We now have l47 members but are hard-pressed by Tybee Light Squardon which has 146. Anyone wishing to make contributions to the history about events, achievements, or individuals, please contact P/D/C Ripley.
A new year in the history of Charleston Squadron commenced at the Annual Meeting for the year 1970 held at the Squadron Headquarters on Jan. 8, 1970.
There being no opposition, [the] slate of officers proposed by the Nominating Committee, the Committee’s slate was elected and installed. Grayson S. Carter,III,S, as Commander; Frederick W.Taylor, Jr. AP as Executive Officer; Charles A. Tay1or,s, as Administrative Officer; Sumter B. Browder, Jr,S, as Secretary; and Wallace B. Till, AP, as Treasurer.
On 21 February a most delightful Change of Watch Party was held at the Exchange Club Building on the Isle of Palms. There is an old saying that alcohol and salt water do not mix, so everyone stayed away from the salt water and nearly all from the fresh as well except for the rain. We were honored by the presence of several of the District 26 Bridge Officers who added immeasurably to the enjoyment of the evening.
Our new bridge was installed by D/C E. Albert Rachal, N.
Our first order of business -EDUCATION- has not been neglected. Classes started last Fall have been completed and examination forwarded to National. New classes formed in the Spring were carried to successful conclusions. Our perennial do-it-yourself student, BOB MIDDAUGH, has not only completed the “N” successfully but also has found time and energy to organize and instruct a “JN“ class while some of our older members can’t seem to be able to take any advanced courses. Bob has also passed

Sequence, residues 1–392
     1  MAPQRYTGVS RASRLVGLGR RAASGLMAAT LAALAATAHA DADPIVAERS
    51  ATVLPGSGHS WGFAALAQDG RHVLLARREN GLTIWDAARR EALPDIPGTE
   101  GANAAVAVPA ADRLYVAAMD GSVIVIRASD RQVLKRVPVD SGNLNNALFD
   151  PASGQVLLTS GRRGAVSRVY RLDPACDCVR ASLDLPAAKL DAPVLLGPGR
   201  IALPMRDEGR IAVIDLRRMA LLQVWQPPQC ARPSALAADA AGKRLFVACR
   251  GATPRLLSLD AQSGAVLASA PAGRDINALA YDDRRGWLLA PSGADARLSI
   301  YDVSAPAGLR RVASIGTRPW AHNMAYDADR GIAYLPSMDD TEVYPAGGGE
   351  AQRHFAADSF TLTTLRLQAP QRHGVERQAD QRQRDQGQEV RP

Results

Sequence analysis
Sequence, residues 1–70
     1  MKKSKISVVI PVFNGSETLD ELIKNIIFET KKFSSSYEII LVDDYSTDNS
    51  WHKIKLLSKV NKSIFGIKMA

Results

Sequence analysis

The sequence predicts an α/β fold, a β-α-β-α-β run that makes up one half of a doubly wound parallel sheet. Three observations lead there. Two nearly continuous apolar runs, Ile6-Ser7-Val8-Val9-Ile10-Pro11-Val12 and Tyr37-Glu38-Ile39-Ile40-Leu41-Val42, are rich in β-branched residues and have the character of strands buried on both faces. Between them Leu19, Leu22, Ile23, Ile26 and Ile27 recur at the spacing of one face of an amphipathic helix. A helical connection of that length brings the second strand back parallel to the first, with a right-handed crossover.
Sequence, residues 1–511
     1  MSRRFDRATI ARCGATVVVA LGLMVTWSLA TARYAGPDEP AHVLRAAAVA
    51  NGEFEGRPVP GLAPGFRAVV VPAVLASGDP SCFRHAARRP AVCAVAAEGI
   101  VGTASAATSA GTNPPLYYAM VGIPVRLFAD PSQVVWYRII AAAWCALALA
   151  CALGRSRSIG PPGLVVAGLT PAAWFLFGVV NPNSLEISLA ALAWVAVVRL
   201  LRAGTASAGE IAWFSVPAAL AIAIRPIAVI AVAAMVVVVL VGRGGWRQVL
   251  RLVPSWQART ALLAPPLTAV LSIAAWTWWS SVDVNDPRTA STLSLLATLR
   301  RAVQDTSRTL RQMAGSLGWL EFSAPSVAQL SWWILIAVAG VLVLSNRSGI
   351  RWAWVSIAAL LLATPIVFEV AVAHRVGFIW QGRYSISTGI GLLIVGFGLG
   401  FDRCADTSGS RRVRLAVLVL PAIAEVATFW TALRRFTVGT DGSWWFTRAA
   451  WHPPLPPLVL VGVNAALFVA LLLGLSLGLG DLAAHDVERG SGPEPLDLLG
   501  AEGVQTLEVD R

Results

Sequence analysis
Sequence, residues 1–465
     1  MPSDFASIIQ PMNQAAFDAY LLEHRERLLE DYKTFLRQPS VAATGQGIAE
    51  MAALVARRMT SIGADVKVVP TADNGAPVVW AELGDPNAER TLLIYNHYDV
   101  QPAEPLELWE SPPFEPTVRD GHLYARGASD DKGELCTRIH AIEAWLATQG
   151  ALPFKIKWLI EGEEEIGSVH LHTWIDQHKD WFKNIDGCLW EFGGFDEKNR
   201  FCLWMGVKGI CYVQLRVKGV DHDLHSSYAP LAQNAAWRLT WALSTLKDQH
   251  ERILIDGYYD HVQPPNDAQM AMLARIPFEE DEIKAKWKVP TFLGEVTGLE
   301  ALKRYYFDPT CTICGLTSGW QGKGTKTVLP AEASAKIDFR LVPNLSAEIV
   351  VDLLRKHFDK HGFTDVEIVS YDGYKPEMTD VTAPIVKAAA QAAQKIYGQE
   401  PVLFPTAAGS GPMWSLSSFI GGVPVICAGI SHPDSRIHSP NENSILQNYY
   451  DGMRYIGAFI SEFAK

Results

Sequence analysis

all the courses offered by the USPS.
Harry Ginhart,AP, has held a successful class in “S” and “Bud” Stimson, AP, did an excellent job of handling classes in AP. The IT class, though small, not lack enthusiasm under the tutelage of Ralph Rustin, S. Classes ware also held in Engine Maintenance under Wallace Till, AP; Marine Electronic under Frederick Taylor, AP; and Sail under Fred Wichmann, AP. All these instructors and their assistants really deserve the thanks of the Squadron in addition to the coveted Merit Mark, for their Time, energy
and patience. Of course the large classes in Elementary Piloting, the life blood of the USPS, without which we could not exist let alone progress, had excellent results under the leadership of Charles W Kibbe, S.
Our nautical education was enhanced and for greatly increased by a program of cruises arranged by Louis G. Missel, S, and his most efficient committees. Stono Inlet, Kiawah Island, Botany Island, DeWees Islet, Palmetto Bay, Pimlico and Lake Moultrie ware all visited by groups of boats and people. Who says an inland lake can’t get rough? Ask any of the approximately 15 boatmen that had to cast-off and seek shelter from the waves on Lama Moultrie when the Annual Labor Day Cruise was held at "Bud”
A fish-fry and several covered-dish suppers rounded out the social events held during the year. The year’s activities came to a successful end with the Annual Cruise up Cooper River to view the gaily lighted vessels at the Navy Yard and the Christmas Party at the Sand Dunes Club house on Sullivans Island.
We now have [blank in original] members